Tuesday 31st August 2021
Butter Haw (Mickleber Hill) SD 930 529 178m
Pinhaw Beacon SD 944 471 388m
Delf Hill (Stanbury Moor) SD 977 357 445m
Wolf Stones SD 971 394 443m
I was proud of my careful study of the map showing a route straying slightly from the pubic footpath but avoiding field boundaries. Pride comes before a shock.
Mickleber hill was enclosed in a 100 yard diameter circle by a fence and TWO electric fences. The trig was about thirty yards away. Experience tells me that such fences are often not switched on. There was no barbed wire on the fence proper and I reckoned with a bit of stretching I could get under the first electric wire then straddle the fence and the second wire. I was well embarked on this manoeuvre and involved with both electric wires when I started receiving shocks from both of them. One had become caught round my boot and I had to extract it with bare hands thus adding more shocks until I managed to get clear, still of course on the the outside. As I reflected I reckoned I had been insulated until well into my involvement before I grounded myself with my walking poles -well that's my theory anyway.
It looks like this campaign is being redefined as unspecifically "visiting" these trigs and photographing them, but not necessarily touching.
A short drive took me to the car park marked on the OS map for the ascent of Pinhaw Beacon. This trig stands exactly on the Pennine Way long distance path and I must have bagged it when I did that walk in 1987 but I was rewarded by this visit. There is a superbly constructed toposcope beautifully engraved next to the trig - it was done by one Douglas Goode, I'm not sure who he is - more persistent Internet searching may discover. The toposcope is dedicated to those who have died of Covid and to all the National Health workers who have been, and are involved. Goode has included a sonnet and information about Robert Wilson's grave located nearby and marked on the OS map.There is some information in a Craven Herald article:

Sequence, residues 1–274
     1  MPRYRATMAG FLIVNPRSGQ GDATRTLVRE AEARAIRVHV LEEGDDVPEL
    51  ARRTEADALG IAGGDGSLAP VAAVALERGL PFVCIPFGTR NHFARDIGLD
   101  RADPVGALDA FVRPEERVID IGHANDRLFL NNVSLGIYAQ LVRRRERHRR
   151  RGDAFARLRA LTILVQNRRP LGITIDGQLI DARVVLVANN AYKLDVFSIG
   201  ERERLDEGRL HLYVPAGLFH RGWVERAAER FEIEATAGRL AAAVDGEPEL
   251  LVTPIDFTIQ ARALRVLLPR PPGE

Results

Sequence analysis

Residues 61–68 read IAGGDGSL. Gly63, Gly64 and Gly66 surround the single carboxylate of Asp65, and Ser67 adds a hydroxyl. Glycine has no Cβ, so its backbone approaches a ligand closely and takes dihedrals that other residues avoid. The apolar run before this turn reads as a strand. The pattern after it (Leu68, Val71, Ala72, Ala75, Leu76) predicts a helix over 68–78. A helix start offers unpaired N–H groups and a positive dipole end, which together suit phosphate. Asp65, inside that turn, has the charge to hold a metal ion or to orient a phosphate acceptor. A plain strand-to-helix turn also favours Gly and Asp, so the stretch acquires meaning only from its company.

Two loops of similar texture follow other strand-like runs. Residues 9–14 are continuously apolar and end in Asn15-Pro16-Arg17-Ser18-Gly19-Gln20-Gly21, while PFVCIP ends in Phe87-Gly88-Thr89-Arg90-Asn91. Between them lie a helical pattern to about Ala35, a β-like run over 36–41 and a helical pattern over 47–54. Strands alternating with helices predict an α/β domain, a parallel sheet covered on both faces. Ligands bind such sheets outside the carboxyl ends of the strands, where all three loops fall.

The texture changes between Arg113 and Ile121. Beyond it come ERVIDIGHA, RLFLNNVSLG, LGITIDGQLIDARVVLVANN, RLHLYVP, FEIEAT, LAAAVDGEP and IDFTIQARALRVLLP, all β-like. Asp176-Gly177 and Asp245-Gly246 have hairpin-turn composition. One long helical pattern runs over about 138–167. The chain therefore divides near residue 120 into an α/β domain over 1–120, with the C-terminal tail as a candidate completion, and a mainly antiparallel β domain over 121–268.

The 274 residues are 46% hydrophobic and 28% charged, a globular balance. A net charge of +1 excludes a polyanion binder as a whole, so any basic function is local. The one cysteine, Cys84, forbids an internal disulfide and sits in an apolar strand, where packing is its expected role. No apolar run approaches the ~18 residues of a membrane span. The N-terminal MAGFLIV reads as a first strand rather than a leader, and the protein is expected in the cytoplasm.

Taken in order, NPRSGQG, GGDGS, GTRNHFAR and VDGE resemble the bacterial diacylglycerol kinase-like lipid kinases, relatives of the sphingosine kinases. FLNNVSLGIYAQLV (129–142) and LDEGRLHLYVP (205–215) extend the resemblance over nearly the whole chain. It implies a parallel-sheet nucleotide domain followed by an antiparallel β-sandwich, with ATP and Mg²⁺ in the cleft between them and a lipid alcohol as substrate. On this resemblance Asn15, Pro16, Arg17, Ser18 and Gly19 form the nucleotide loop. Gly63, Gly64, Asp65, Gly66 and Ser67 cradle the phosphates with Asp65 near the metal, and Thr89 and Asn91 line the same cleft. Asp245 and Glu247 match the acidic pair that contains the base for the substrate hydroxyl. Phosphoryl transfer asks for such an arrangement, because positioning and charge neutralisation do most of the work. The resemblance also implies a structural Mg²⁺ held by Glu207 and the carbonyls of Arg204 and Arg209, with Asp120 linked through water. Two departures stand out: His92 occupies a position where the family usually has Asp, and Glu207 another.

It seems Robert Wilson was a keeper of the beacon in 1805. Running short of food in his hut he set off in a snowstorm to re-provision and perished. Details can be read (I think) on the photo below.
I spent some time trying to find Wilson's grave but after tiresome struggling about in deep heather gave it up as bad job.
When I had parked at the car park there was just me and one other car. Three quarters of an hour later when I returned the car park was full, a party of ramblers were just setting off.
I was able to park at the dam wall of Ponden reservoir. I seem to be cherry-picking parts of the Pennine Way recently and I followed it again up to High Withins of Brontë fame, see photos below. I have passed through this ruin several times but today diverted to the trig on Delf Hill above. Here there were carpets of purple heather in bloom in all directions, a sight that always uplifts my spirit. I descended by a slightly different route before rejoining the PW and then, having carried my food and flask all the way there and back lunched in the car.
Ascent to Wolf Stones, after a short drive was from a tiny lay-by within thirty yards of the footpath leaving the road. Further up this narrow road with limited chance to park was another small lay-by which I used with Bowland Climber when we were walking the Brontë Way.
I met A couple on the way to Cowling embarked on the Pennine Way and then a chap on his own. All my recent encounters on the PW have underlined my view of what a truly classic walk this .
Because this day was split into a few shortish sections I had thought I would not be walking far but when I checked back home I found I had done about ten miles in all and I was well tired and am still stiff next morning as I sit and write this up.
SUGGEST CLICK PHOTOS TO ENLARGE, ESPECIALLY THE TOPOSCOPE ONES
The trig for Mickleber Hill is on the horizon left of the trees. The cows ignored me
|The Pennine Way is well furnished throughout with these wooden signs but they are now showing their age and are often unreadable|
|Pinhaw Beacon and the new toposcope|
|Purple heather - because I like it|
|Pinhaw car park - just one car when I arrived. Now full three quarters of an hour later|
|Whither shall I wander...|
|Brontë history re High Withins. I forgot to take a photo of the ruin|
|Delf Hill - heather as far as you can see in all directions|
|Descending back to Ponden. The final trig is on the first horizon above the reservoir|
|Just the blue arrowed line. Others are history and flights of fancy added to my Memory Map over the years|